Atlantic and Pacific

Its often said that there are two sides of Nicaragua. The yearbook even called the Atlantic coast "The Other Nicaragua" highlighting the vast cultural differences between the two sides of the country. Having lived in both sides now we have experienced this first hand and can really confirm that it is true. The east side of Nicaragua, divided into two departments: Region Autonomio Costa Caribe Norte, or "R.A.C.C.N." and Region Autonomio Costa Caribe Sur, or "R.A.C.C.S." These when translated basically mean "North carribbean coast autonomous region" and likewise as the south. Many maps still show the old name of these departments: RAAN and RAAS, however this was recently changed likely due to RAAS being uncomfortably close to a curse word in the local Creole language.



Many people in the Atlantic regions still speak Spanish, however many do not speak it as their first language. Some speak either Creole which is a dialect of English, or Miskito which is an indigenous language of its own. Economically the Atlantic coast is far behind the Pacific. Many in the Pacific believe that people from the Atlantic coast are wealthy because the cost of living is higher, but the opposite is true, wages are generally lower while cost of living is higher. Having just moved to Jinotepe, Carazo we have found that prices of everyday household items like soap, as well as food are generally twice as expensive on the Atlantic coast, becoming more expensive the further east you go. Corn Island and Pearl Lagoon being the most expensive. This seems to be in part due to the lack of transportation. The highway stops at Rama, and any travel beyond there must be done by boat, or if you're brave by dirt (mud) roads. Another reason for the prices likely is the lack of competition, there are very few shops and no supermarkets besides the ones in Rama and Bluefields, so if someone is selling anything from the pacific they can charge any price they want even for basic necessities.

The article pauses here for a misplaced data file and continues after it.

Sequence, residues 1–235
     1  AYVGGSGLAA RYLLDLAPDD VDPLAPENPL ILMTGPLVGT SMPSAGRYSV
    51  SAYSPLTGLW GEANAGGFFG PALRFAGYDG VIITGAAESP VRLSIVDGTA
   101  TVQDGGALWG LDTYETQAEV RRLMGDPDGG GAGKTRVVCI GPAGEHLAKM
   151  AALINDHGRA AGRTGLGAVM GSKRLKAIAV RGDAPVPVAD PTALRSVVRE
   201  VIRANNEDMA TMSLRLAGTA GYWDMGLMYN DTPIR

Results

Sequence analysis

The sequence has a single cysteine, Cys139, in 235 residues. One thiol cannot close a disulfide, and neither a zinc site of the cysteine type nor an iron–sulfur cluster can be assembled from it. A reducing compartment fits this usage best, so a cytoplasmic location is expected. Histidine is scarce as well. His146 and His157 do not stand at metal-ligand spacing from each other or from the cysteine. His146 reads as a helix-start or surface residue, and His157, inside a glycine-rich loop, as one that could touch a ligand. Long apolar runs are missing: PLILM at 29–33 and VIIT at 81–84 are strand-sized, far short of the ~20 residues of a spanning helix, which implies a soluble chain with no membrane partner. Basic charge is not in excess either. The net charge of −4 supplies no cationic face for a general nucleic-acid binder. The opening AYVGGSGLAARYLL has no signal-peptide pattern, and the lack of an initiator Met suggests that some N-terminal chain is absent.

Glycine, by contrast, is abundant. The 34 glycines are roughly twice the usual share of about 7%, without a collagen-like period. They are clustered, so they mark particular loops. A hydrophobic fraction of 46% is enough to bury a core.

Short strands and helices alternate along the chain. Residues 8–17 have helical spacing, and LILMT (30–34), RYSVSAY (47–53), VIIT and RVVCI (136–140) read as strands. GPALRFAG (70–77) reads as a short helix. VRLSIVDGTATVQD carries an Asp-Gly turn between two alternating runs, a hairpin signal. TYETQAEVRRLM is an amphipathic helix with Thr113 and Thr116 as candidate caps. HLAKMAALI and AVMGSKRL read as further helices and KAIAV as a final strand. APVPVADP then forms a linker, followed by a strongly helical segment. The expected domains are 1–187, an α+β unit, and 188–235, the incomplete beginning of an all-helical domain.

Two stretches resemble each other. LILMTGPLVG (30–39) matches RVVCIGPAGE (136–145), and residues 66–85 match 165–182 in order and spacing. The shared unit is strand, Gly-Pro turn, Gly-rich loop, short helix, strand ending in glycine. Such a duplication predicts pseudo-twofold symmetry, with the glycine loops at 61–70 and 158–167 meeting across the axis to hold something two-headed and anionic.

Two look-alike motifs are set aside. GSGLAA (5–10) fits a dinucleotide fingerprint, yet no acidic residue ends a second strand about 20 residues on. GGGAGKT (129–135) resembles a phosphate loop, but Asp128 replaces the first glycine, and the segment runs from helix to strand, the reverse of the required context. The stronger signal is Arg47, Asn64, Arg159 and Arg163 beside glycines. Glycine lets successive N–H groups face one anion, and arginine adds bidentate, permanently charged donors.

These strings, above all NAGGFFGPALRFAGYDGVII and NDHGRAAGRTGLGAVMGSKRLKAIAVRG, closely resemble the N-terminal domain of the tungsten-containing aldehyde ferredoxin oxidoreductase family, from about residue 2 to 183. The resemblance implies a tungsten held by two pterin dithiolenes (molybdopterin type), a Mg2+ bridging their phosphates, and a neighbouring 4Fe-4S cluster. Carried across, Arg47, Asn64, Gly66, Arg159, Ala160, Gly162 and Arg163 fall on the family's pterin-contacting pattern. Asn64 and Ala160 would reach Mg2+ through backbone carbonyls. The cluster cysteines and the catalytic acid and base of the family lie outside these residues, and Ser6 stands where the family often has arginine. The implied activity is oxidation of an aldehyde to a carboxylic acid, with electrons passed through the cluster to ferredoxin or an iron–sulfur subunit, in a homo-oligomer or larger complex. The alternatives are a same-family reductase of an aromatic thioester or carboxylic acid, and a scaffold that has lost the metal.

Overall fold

On the Pacific side of Nicaragua, first of all there's a lot more people. According to some sources 5% of the population lives in the two Atlantic Regions, and 95% in the Pacific. The Pacific is divided into many departments, all of which I have yet to memorize. We live in Carazo, other well known departments are Rivas, Granada, Masaya... names you have likely heard of. There is more business over here and many cities as well. Cost of living over here is generally 50% of what it is on the Atlantic side, although tourist areas may cost many times more. We pay a little bit more for rent over here, but that comes with conveniences that are hard to get in the Atlantic, such as wifi and hot water. We can even drink from the tap in Jinotepe, something we wouldn't even dream of doing in Pearl Lagoon.

Grocery store in Jinotepe

Tourism has a much bigger impact on the Pacific side as well. On Corn Island (RACCS) tourism is only beginning, and any tourists found in Pearl Lagoon are either hard-core adventurers or hopelessly lost. San Juan Del Sur on the other hand, in the Rivas department of the pacific has a lot more in common with tourist hotspots like Cancun or Hawaii. many things are priced according to "If you have to ask, you can't afford it". Rental apartments or houses in SJDS are rare, as most opt to rent on a per-night basis and are unlikely to agree to long term. Other communities away from the beach are quite different however and rent can be very cheap. Although the Pacific coast may be more popular with tourists, the Atlantic has natural beauty that is beyond compare, just lacking in accessibility.

Sunset in San Juan Del Sur


Crystal clear water of Corn Island


Architecture on the Pacific side resembles the rest of Latin America. Cities are made up of blocks laid out on a grid, and the buildings in each block are built with their exterior wall immediately on the sidewalk, and their interior walls connected to each other, making the entire block resemble one large building.

San Marcos

In the Atlantic however, houses are well spaced out and disconnected from each other. In fact, in smaller communities the houses may not even be built near a street, but rather be behind another house or simply standing on its own.

Haulover

These are just a few of my observations, but it really feels like two countries in one, and if you spend any time in Nicaragua its definitely worth going to the other side to get the full experience.

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